Although some might say a glass of wine each day during pregnancy is safe, the research isn’t conclusion and most experts push that that there is no “safe” amount of alcohol during pregnancy. What a woman consumes during her pregnancy can permanent affect and damage her unborn child for the rest of his or her life. A glass of wine or a beer may not seem like a big deal during pregnancy, but the effects of that alcohol could be devastating.
The baby’s blood alcohol level is higher than the mother’s
What may only feel like a small amount of alcohol to a woman may be enough to get her baby drunk, even if she isn’t feeling a buzz. Alcohol quickly enters the bloodstream and crosses the placenta before entering the baby’s body. An unborn baby is unable to break the alcohol down as quickly as his mother and will have blood alcohol levels much higher than his mother due to this.
Drinking increases the risk of miscarriage and stillbirth
Women who drink alcohol while pregnant are more likely to suffer a miscarriage or stillbirth. A 2008 Danish study suggested that women who drank during pregnancy had a 56% higher chance of delivering a stillborn baby than women who did not drink during pregnancy. The effects of a miscarriage or stillbirth can be devastating and traumatic and the risks can be reduced by not drinking during pregnancy.
Alcohol-related birth defects
Consuming alcohol during pregnancy has been shown to increase the risk of alcohol-related birth defects in a baby. Babies who are born to mothers who drank during pregnancy are more likely to exhibit malformations of the skeleton, organs and defects of the heart, central nervous system, kidneys and auditory system. The risk of these defects are especially high for drinking that took place during the first trimester.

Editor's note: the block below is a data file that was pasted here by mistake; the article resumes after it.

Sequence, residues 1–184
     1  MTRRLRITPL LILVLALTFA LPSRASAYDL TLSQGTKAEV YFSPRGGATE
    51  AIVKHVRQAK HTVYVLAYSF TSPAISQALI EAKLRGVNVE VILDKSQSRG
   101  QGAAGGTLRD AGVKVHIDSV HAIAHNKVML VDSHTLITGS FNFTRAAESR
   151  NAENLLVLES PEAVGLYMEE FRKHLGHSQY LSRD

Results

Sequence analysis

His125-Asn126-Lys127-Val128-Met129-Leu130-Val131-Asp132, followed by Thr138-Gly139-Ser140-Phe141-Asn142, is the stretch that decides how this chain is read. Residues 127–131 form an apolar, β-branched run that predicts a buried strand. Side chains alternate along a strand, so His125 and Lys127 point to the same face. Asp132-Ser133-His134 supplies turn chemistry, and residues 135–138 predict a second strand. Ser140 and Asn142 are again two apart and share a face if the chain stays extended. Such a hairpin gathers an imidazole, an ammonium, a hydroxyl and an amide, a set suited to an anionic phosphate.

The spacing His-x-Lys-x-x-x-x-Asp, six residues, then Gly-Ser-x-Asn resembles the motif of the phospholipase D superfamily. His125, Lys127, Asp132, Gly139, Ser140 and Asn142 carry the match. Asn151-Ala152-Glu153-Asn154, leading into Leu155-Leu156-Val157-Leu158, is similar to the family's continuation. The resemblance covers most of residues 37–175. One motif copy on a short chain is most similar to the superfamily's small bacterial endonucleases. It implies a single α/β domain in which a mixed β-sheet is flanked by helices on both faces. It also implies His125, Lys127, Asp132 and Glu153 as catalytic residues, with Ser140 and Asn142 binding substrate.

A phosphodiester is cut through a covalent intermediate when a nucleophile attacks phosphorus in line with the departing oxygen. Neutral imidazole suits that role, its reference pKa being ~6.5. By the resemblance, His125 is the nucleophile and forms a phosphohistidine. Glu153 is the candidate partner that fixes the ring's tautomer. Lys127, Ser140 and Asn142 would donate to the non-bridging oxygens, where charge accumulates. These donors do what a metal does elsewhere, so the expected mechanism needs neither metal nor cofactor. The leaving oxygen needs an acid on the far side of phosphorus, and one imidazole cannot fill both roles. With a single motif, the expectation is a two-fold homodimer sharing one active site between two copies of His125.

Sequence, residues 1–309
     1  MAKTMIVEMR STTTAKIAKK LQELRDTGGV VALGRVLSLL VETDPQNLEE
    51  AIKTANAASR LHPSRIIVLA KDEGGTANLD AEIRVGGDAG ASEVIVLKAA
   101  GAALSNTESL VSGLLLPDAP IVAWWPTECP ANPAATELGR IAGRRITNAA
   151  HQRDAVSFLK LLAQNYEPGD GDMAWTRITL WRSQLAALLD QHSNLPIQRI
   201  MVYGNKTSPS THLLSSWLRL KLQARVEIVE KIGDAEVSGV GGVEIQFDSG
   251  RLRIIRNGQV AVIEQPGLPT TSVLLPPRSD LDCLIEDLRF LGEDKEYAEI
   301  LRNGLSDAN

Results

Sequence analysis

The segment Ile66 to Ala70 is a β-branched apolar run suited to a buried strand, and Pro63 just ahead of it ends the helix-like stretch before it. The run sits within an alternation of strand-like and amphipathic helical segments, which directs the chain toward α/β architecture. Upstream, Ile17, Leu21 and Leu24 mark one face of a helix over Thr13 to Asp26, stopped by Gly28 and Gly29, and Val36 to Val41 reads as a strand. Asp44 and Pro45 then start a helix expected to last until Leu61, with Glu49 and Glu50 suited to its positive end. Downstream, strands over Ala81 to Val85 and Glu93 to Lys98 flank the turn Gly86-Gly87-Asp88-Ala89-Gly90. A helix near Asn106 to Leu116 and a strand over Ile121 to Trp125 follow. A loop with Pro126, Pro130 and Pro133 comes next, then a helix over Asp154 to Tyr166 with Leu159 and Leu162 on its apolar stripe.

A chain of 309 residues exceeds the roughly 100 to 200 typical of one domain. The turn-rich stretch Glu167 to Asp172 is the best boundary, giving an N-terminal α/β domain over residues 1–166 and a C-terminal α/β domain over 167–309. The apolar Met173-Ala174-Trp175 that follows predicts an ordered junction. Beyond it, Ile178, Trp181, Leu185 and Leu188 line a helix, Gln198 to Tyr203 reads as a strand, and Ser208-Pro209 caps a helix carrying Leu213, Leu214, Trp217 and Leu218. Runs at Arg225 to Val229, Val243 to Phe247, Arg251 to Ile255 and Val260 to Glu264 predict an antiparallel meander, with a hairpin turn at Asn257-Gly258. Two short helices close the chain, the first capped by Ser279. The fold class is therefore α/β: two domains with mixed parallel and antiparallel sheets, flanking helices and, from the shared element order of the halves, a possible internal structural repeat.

Fetal alcohol syndrome (FAS)
A baby born to a mother who drank during her pregnancy may be diagnosed with fetal alcohol syndrome (FAS) or a fetal alcohol spectrum disorder (FASD). A baby who suffers from FAS or FASD may exhibit poor growth, abnormal physical appearance, poor muscle tone, physical and mental development delays, heart defects and other health issues. The problems related to FAS and FASD are life-long and a child may suffer for the rest of his life due to alcohol exposure during pregnancy.
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